Experimental Breeder Reactor I: A retrospective

In the not-so-distant 20th century past, our planet was in an uncertain new-world order. The second of two major wars had dramatically reshaped the landscape of the world's nations. It was not by any means assured that the extraordinary nuclear process of fission, which itself had been discovered mere years before the second war's end, would be successfully utilized for anything but the tremendous and frightening powers realized in thermonuclear warheads. In the years following, a humble project materializing out of the National Reactor Testing Station in Idaho was to challenge that assertion and demonstrate that nuclear fission could indeed be a commercial, peaceful source of electrical power for civilizations around the globe.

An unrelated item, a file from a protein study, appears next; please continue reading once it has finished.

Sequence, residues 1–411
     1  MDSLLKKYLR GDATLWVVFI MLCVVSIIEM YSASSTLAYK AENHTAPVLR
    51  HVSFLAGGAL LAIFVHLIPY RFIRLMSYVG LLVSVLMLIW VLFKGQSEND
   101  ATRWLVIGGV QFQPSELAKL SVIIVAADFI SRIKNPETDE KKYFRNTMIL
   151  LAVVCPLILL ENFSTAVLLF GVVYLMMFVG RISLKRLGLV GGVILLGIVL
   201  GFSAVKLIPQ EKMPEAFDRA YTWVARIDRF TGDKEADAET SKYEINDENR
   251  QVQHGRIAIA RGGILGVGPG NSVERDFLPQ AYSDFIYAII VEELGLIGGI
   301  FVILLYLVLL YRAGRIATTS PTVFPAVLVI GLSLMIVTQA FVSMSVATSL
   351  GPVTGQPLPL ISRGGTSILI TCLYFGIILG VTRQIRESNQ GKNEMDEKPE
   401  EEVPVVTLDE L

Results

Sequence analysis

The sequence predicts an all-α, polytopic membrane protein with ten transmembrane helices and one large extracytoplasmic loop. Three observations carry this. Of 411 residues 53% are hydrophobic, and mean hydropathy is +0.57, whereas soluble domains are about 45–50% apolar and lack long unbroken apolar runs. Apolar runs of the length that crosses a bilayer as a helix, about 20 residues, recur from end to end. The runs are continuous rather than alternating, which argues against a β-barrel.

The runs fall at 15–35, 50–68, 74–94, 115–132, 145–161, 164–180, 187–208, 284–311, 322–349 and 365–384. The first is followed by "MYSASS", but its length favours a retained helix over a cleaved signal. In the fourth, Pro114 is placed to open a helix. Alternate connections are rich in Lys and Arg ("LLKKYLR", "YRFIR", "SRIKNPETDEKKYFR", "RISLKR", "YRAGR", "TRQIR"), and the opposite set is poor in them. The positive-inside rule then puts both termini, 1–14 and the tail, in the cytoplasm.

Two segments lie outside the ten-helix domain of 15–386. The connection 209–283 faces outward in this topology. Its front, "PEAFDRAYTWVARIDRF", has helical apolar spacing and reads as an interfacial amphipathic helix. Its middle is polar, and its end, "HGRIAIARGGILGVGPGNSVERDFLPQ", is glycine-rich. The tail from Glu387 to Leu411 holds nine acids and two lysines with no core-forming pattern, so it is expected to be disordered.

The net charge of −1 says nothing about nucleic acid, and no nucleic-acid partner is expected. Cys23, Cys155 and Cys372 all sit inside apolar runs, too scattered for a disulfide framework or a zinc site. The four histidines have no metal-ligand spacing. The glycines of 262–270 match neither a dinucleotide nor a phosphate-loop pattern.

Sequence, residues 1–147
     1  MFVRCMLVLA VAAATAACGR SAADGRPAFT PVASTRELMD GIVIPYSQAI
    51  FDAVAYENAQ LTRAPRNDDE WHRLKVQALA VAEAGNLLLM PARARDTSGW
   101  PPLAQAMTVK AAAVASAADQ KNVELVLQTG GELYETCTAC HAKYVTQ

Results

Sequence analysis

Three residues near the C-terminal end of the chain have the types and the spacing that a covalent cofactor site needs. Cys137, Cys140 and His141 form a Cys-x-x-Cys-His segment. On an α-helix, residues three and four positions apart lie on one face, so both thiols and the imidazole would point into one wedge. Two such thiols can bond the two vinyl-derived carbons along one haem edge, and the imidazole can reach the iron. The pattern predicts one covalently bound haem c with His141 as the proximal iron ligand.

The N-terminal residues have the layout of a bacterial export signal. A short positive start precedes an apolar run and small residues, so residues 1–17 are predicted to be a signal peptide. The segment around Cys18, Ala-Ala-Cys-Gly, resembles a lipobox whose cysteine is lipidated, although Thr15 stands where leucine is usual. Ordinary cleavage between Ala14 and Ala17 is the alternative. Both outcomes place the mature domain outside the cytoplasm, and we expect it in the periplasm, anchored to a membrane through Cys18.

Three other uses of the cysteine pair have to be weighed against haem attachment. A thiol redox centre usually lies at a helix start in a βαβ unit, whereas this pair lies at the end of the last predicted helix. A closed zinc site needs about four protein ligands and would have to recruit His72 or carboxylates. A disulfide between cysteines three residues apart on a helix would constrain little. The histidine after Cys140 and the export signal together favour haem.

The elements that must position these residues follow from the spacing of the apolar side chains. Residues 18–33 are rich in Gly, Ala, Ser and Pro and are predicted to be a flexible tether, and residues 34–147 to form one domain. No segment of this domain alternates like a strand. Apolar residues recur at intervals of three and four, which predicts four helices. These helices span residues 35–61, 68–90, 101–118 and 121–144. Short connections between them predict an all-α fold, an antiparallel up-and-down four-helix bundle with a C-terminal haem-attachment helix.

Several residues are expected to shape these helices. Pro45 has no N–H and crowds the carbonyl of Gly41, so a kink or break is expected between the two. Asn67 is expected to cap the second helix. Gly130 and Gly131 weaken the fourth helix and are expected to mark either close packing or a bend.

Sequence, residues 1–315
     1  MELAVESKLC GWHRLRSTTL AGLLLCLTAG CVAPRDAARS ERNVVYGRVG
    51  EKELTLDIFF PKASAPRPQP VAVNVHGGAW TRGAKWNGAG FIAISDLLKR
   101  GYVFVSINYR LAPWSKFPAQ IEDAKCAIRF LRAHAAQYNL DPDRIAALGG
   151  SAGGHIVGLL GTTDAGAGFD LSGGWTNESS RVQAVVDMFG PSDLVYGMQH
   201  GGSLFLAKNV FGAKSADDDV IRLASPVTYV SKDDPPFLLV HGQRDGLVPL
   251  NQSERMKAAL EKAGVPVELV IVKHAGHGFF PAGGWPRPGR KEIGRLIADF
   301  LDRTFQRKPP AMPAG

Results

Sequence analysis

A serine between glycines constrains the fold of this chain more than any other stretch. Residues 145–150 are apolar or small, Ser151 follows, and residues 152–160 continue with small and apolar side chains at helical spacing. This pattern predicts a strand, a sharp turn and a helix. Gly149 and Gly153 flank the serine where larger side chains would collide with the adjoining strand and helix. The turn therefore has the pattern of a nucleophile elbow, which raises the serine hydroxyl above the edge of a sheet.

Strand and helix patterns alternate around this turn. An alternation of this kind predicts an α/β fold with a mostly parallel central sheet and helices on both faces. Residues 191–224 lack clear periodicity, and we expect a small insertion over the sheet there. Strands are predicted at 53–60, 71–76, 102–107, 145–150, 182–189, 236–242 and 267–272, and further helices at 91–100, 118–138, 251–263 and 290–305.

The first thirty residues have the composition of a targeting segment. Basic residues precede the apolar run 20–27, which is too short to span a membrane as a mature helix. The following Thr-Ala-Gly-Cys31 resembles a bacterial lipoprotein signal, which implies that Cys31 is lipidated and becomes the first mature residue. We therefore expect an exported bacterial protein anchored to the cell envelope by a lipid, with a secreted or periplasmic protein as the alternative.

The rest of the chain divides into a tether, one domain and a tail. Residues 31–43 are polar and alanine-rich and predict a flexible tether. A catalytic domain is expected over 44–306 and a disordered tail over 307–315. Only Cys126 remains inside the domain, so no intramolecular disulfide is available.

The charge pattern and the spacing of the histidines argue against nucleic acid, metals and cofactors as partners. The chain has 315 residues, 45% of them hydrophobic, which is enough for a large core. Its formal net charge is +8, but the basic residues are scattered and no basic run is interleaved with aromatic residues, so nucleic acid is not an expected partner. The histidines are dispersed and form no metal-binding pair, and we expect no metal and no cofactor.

A tour of EBR-I: Birthplace of nuclear energy

Don Miley, tour guide at Idaho National Laboratory, takes viewers of this video on a trip to the Experimental Breeder Reactor I (EBR-I). In 1951, the first electricity from nuclear power was generated at EBR-I-using a reactor that actually bred more fuel than it consumed, using an all-plutonium core.